Chapter 10 International Engineering Ethics

Chapter 10 International Engineering Ethics - CIV 402...

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CIV 402: Engineering Ethics Chapters Summary Chapter 10: International Engineering Professionalism 10.1: INTRODUCTION The clothing industry is perhaps the most competitive in the world. It has been the first level of industrialization in most countries: Hong Kong, South Korea, Taiwan, China, Myanmar, Bangladesh, Sri Lanka, the Maldives, Laos, Vietnam, Bahrain, Indonesia, El Salvador, Honduras, and the Dominican Republic. Many factories in these countries employ young women and child labor in sweatshop. Example Strauss, the industry leader. It owns and operates a plant in country X whose employees are mostly young women from countryside. They live in company dormitories and work for $0.80 per day. They work 12 hours in a clean, safe, and well lit factory. The women describe the work as hard but they prefer it to village life, and some women are the sole wage in their families and without these jobs the well might be forced for begging or prostitution. problems at the plant. that if his firm left another firm would take its place. “The message from business” he maintains, “is to follow the dollar and learn to effect changes from within.” Hanna is an engineer whose company has been asked to design and to supervise the equipment should improve the safety in the plant, but Hanna’s colleagues argue that she should not take it because she will be a part in the exploitation the young women. Boundary crossing problems as ethical problems that are produced by entering countries or regions with different cultural, social, or economic conditions. Home country: is the country that one leaves. Host country: is the country that one enters.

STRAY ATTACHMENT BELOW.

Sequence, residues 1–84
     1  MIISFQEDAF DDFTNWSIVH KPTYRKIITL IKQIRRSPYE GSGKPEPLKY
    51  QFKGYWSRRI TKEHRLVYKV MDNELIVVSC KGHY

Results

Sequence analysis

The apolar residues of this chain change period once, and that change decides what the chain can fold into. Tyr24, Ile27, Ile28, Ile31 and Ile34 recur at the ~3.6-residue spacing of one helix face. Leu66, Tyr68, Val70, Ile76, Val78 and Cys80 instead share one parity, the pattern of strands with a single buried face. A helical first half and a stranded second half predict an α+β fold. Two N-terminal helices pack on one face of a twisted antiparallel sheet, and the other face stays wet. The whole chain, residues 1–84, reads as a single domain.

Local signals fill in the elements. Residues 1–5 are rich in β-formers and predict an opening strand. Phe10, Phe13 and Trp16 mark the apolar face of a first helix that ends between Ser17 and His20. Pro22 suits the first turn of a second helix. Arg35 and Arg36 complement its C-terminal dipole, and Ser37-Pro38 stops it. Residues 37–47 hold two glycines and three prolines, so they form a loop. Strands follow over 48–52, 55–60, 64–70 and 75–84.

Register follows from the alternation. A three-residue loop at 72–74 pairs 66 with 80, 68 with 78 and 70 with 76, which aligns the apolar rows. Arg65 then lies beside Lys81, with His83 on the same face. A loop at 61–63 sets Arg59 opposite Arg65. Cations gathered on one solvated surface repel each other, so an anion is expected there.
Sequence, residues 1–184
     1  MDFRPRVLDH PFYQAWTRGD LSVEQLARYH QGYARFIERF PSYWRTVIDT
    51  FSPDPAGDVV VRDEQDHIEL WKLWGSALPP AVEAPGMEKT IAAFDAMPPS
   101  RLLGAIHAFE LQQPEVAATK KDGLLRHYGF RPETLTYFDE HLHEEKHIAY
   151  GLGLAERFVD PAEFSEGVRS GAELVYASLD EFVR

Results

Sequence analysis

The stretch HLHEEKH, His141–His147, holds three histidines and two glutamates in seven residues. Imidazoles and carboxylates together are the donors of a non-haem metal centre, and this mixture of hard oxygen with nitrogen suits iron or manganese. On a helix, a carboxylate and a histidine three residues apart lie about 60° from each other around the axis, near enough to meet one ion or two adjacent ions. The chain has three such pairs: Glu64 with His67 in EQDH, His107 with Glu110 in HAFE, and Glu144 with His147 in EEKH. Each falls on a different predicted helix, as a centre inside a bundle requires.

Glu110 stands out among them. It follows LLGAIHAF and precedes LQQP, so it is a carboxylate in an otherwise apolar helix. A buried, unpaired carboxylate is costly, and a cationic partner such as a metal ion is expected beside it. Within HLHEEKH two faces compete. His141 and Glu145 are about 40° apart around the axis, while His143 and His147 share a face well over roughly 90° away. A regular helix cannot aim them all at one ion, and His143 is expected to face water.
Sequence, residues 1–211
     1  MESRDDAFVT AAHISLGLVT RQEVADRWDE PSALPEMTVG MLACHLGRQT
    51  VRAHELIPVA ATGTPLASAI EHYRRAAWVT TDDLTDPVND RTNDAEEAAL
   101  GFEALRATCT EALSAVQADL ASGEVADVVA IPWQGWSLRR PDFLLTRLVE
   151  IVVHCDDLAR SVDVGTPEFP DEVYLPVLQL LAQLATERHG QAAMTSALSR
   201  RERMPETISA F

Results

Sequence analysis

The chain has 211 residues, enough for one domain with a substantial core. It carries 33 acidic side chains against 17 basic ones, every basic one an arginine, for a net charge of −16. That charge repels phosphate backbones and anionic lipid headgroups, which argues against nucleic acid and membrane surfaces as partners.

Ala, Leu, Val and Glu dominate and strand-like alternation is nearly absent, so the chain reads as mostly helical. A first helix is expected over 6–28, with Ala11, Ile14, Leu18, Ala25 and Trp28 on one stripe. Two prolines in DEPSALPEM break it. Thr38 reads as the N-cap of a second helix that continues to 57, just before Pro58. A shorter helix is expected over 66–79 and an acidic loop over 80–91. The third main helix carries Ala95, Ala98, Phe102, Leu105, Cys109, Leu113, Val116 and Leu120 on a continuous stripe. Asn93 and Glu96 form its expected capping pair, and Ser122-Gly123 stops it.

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Problems in moving from home to host country are especially severe when the host country is not fully industrialized; we call these countries lesser industrialized countries . Two simple solutions to boundary crossing problems: The absolutist solution follows the rule that the laws, customs, and values of the home country should always be followed. However home country standers may pose serious problems if applied in host countries. For example, that might not be possible to do business in the host country without following the customs. Also host country values might be as good as, or better than, home country standards, just different. The other solution is the relativist solution , which follows the rule, “When in Rome, do as the Romans do.” It means home country citizens should simply follow host country laws, customs, and values, even if they are contrary to home country standards. This solution also has severe problems. For example, the Foreign Corrupt Practices Act, passed by the U.S. Congress in 1977,
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Chapter 10 International Engineering Ethics - CIV 402...

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